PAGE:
When you hear the word "core" you probably think of a picture of washboard abs. While this is one picture you can think of, your core is so much more and requires a robust training approach to prepare you for all of the demands of life and sport. While your brain is the overarching central command, your core is the central command of movement quality.
Your core must be able to handle load, rotate, stabilize against rotation, and provide your limbs with a strong base to work. Let's take a look at how you can progress your core training to prepare you for the demands of life and sport.
I'm sure you know what a plank is. With that said, how much thought do you put into your planks? The next time you complete a plank, I want you to think about your head position. Do you allow your neck to be kinked looking up or to the side? Try holding a more neutral position. Do you have an arch in your low back? Focus on tucking your tailbone and engaging your glutes. These simple differences go a long way in training proper body position.
When I am testing athletes, I look for a passing score of 60 seconds of a front plank and 60 seconds on each side for side planks.
Once you master the basic body position of a plank, you can make things more challenging by changing your base of support and adding movement.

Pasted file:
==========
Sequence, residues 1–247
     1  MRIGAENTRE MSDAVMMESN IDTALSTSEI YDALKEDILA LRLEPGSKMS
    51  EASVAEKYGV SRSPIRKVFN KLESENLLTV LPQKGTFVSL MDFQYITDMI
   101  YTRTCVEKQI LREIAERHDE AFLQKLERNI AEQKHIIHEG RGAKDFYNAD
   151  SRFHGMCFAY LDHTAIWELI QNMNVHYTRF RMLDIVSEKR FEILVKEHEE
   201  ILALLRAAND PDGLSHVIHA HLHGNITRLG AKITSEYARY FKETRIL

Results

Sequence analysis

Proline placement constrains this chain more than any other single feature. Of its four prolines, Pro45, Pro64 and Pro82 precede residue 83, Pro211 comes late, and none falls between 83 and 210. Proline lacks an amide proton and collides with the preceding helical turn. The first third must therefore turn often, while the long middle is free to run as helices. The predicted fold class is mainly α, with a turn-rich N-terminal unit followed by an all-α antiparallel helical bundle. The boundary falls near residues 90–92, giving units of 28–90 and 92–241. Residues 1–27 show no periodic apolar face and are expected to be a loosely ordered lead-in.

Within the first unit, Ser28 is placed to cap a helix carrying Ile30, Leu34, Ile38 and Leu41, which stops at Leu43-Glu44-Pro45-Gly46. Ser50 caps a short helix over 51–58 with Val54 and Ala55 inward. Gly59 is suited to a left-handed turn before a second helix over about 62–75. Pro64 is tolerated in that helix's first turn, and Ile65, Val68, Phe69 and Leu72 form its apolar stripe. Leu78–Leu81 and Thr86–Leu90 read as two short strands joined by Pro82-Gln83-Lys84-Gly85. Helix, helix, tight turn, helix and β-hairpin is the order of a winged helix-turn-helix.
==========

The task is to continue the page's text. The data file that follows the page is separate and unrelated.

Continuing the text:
Presses & Chops
The next realm to explore is presses and chops. These variations bring your hips into the fold and challenge you to focus on your transfer of force throughout your body.
Start with the Pallof Press (core push video) to get a feel for avoiding rotation. Being able to control rotation is a critical skill in performance. I like to start athletes off with an RPE of 7/10 for training sets during the learning phase. This gives enough resistance to feel the challenge of anti-rotation without loading too fast too soon. From there, we make it a goal to progress the resistance each week for a four-week cycle.
After getting a feel for the Pallof Press, explore some other variations of of presses and chops. A steady dose of both movement types helps prepare you for the field of play.
The final category we will discuss in this post is the use of a medicine ball. The medicine ball is one of the most versatile pieces of core training equipment on the market. With the medicine ball, you can master faster-paced movements that will challenge you to hold form while pushing speed. As I often say, speed without form is nothing. The medicine ball is also great for squeezing and engaging more muscles during holds.
Build a rock solid body
Have you struggled to find a fitness training program that fits your schedule, equipment availability, and goals? Look no further than our Custom Training option! With this option, you will go through an individualized assessment so I can learn about your strengths, areas for improvement, and training history. From there, you will get access to a program that includes equipment you have access to and fits your schedule. The best part, you can complete this program from anywhere!
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